World Series of Birding

Common Nighthawk

I peered into the darkness as the windshield wipers slapped a path through the driving rain.  The guard lights in the parking lot cast long eerie shadows.  Straining to hear night sounds with my ear angled toward the crack of the window; headlights flashed against the side of the car, sparkling the drops.  More birders had arrived.  It was 2 am and we were headed to Clinton Road to go owling; trying to get a jump on our World Series of Birding list.

The rain did not let up as we stood in the inky black woods surrounded by a chorus of frogs; they liked the streaming wetness.  We fiddled with our hoods; up, down, up, then down again.  It was nearly impossible to hear anything between the incessant amphibian chorale and the drumming of rain on our heads.  Then, a repetitive peeping sounded that was out of sync with its fellows.  It was most definitely not a frog.  Karla, our leader, hissed, “Did you hear it,” I nodded.  We stood frozen, hoping it would call again.  “It’s a Sawhet,” she murmured.  We nodded.  Our first bird of the competition and we had a Sawhet Owl.  Nice.

We continued with our owling; driving from spot to spot, but the only other one we heard was a distant Screech Owl.  No Great Horned. No Barred.  With the clock ticking, we decided to give it up and move on to regroup with the rest of the team.

After loading equipment, snacks, and people in 2 vehicles we headed off for Gould Road and the dawn chorus.  But it was still raining and the sky was not getting perceptively lighter only fading from pitch black to possibly a dark charcoal.  We sat at various places along the road but heard nothing, save a rooster singing lustily from the relative warmth of his coop.  We moved on to the Van Orden power cut.  Finally a lone Rufous-sided Towhee chirped sleepily.  At last.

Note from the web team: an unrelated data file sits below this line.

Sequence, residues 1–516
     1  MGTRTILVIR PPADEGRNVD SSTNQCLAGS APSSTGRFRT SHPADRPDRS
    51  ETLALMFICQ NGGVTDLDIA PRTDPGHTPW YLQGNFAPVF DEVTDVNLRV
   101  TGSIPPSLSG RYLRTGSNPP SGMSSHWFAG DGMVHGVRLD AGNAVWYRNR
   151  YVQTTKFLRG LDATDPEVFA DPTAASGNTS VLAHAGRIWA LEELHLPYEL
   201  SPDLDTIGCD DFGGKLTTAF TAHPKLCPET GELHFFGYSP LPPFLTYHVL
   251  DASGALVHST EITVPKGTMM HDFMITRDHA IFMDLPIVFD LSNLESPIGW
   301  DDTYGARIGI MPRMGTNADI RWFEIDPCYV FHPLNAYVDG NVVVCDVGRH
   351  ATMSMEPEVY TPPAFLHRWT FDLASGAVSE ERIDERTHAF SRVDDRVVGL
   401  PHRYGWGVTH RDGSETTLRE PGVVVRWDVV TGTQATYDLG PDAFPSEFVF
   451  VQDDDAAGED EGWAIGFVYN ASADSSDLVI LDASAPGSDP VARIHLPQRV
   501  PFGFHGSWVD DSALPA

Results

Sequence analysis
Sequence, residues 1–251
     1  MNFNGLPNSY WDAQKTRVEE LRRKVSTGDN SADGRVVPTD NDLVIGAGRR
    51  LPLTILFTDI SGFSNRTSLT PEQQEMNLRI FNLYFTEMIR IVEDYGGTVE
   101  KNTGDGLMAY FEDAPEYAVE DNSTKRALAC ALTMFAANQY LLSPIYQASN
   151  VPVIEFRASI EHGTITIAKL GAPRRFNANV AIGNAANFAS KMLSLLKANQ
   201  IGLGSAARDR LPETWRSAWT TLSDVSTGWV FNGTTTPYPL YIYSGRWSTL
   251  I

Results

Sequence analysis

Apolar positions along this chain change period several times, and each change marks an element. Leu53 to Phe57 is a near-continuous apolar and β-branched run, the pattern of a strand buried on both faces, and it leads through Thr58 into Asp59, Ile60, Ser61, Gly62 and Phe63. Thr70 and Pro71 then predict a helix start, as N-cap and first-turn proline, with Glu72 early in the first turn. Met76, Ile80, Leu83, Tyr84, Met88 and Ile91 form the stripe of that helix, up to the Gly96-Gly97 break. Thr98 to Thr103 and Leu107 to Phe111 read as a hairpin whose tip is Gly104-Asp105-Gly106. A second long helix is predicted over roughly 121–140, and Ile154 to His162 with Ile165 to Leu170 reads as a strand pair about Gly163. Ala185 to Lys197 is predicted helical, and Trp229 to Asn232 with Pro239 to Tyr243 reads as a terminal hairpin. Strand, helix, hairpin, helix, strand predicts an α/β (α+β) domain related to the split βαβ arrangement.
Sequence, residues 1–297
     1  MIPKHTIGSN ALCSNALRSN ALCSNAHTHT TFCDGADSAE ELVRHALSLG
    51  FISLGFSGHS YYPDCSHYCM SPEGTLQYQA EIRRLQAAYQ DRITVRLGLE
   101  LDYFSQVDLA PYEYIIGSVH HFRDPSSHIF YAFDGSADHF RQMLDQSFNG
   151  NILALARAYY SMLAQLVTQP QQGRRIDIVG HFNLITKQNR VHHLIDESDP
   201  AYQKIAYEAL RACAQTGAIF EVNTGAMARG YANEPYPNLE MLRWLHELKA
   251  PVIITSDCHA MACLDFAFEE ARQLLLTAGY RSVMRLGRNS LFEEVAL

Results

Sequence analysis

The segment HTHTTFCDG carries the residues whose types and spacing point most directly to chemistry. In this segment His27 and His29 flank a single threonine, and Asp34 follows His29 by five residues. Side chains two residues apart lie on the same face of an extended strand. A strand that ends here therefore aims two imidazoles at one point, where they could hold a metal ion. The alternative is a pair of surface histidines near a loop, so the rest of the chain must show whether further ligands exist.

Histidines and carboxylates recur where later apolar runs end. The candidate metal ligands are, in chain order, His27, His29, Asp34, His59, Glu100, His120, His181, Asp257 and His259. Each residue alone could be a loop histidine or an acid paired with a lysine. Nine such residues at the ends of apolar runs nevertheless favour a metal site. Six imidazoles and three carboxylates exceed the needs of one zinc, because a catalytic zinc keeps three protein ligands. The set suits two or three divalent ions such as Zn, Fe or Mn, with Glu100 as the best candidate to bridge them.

We retreated to Gould Road where we were regaled with many species of warblers, chickadees, titmice, thrushes, and more Brown Creeper than I have heard in many years.  After ticking off all of the species seen and heard and with an eye on our watches, we dashed back to the power cut to get the transitional species including: Indigo Bunting, Prairie Warbler, Blue-winged Warbler, Chestnut-sided Warbler and Eastern Bluebird.  We stuck to our schedule birded Clinton Road, this time in daylight, picking up highland woodland species and an odd Chimney Swift that flitted overhead before heading down to Garret Mountain.

Ah, Garret, migrant trap deluxe.  The exciting birds of the day were the 10, count them, 10, Cape May Warblers that had been there in the morning.  After birding the park, we met some other birders who told us of a sleeping Common Nighthawk by the earthen dam and a Cape May in the wetland.  We got them both.

It was a fun, exhausting day with much hilarity, great snacks, terrific birds and all for a good cause.  I saw nothing new, but I did see some things I had not seen in quite a few years, like the Cape May.  I would do it again and maybe you will too next year.  Think about it.

Oh yeah, the point of doing a century run is to get to 100 species and we surpassed that.  The Passaic Pewees ended up with 113 species.


Filed under Local schmocal

3 responses to “World Series of Birding

  1. RH in CT

    “…we decided to give it up and move on to regroup with the rest of the team.”

    Doesn’t the WSB follow the ABA big day rules? That would require that the entire team be together during all birding, but it sounds like you did not all participate in the owling.

    “After loading equipment, snacks, and people in 2 vehicles…”

    Travel in two vehicles is not prohibited by ABA, but it does require a “time-out” which would be very restrictive. As the ABA rules explain, “A bird first seen or heard during a time-out may not be counted, nor may the same individual be counted if located during regular counting time.” So using two vehicles means you can’t count anything while traveling, or even stop because you see or hear something.

  2. I don’t know the ABA Big Day rules. Our team birded in a Local Geographic Area (Passaic County only) and was affiliated with a NJ Audubon Center. The rules state that there must be at least 3 members of a team but all members do not need to be in the field at the same time. We picked up the rest of our team at 4am, the latest a team can get new members. We had walkie-talkies in the cars and were in voice contact the entire day. I have not seen anything about a multiple car rule or a “time-out”.

  3. Wow..I have heard allot about Garret mountain lately. I have put it on my list of places to go for spring migrants.
    We are now in Delaware, on our way to Cape May tomorrow for some birding and then to NYC for a week…to MA and Ct.. Hoping to catch up to some of those cool warblers you are seeing.

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